Sheriff has many responsibilities in leading law enforcement in county

Posted 28 August 2015 at 12:00 am


The voters in Orleans County are about to take a step toward selecting their next Sheriff during the Republican Party primary on Sept. 10. I thought I would take a moment to share some information with you and your readers about how important that decision really is.

The Office of the Sheriff is an historical one. The office dates to the middle ages in Great Britain, where the Sheriff was responsible for keeping the peace throughout a shire, or county, on behalf of the King.

The role of the Sheriff spread throughout areas influenced by the English, including the United States. In New York State, the Sheriff’s Offices in each county have been in existence since shortly after each county was formed, and in our case, that dates back to around 1824!

Fast forward to modern times in the United States. The Sheriff’s Office, and the duties and responsibilities of that office, vary widely from state to state and county to county. Those duties range from a limited set of responsibilities relating to warrants, civil process, and court security, to being full service law enforcement agencies for their respective counties.

In New York State counties outside New York City, the state constitution requires an elected Sheriff in each county. Further, the County Law of New York State delineates the duties of the Sheriff as “an officer of the court and conservator of the peace within the county”. This, along with the numerous other laws and regulations at the state and county level clearly establish the Sheriff as the head law enforcement officer in each county.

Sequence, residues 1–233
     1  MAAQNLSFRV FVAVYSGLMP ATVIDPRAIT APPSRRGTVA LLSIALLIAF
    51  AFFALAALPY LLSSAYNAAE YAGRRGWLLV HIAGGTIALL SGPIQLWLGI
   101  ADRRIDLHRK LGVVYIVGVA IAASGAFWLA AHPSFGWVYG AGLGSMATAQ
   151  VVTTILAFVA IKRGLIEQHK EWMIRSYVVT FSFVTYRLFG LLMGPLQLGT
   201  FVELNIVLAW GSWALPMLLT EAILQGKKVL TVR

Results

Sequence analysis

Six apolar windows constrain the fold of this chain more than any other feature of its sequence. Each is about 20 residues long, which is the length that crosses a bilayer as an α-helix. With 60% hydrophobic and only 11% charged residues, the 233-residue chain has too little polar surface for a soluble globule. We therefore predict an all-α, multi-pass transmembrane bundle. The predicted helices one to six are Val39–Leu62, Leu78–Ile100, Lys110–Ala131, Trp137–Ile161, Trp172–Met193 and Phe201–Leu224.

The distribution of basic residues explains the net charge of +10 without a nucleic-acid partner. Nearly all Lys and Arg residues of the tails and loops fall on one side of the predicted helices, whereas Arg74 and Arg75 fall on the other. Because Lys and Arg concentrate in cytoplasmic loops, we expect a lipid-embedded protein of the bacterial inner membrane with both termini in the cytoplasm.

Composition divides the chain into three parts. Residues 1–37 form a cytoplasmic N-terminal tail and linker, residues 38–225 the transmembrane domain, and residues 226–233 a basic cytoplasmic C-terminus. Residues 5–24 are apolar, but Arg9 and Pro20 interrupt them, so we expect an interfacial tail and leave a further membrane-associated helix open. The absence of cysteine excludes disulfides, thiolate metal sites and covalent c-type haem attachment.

Modern sheriffs across the United States, with duties such as our Sheriff’s Office has, have become some of the premier law enforcement agencies in the country. They are, for all intents and purposes, police agencies with even more responsibilities and duties.

Most people don’t realize that beyond the typical police duties we see the Sheriff and the deputies undertake, the Sheriff is responsible for many more functions. Operating the County Jail in a safe and responsible manner; Providing public safety services such as the County 9-1-1 Center; Providing for the patrol of our waterways with a marine patrol; Providing security at court facilities and public events; And, as an officer of the court, managing civil process for judgments, claims, and other orders issued by our courts.

When we elect a Sheriff of our County, it is an experience unique to the Office of the Sheriff. In essence, all of the voters in a county get to do the equivalent of hiring their next Chief of Police. Imagine for a moment that you are a member of a village board or a city council member, and had the duty of hiring your next Chief Law Enforcement Officer.

You would carefully review the applicant’s resumes, qualifications, and references. You would dig into their experience, both as an officer and as a leader within the law enforcement field. You would want to ensure that the person you choose was the absolute best person for the job, based on all of this information.

The campaign portion of an election for the office of Sheriff is the time when the voters get to truly perform all of the tasks you would undertake if you were hiring someone for the job. So, check the candidate’ resumes. Look at their experience. Make sure they have the best qualifications.

I have done all of these things, and as a retired law enforcement officer with 25 years of experience, I can tell you there is only one real choice for the Sheriff of Orleans County. That choice is Tom Drennan.

Joseph Grube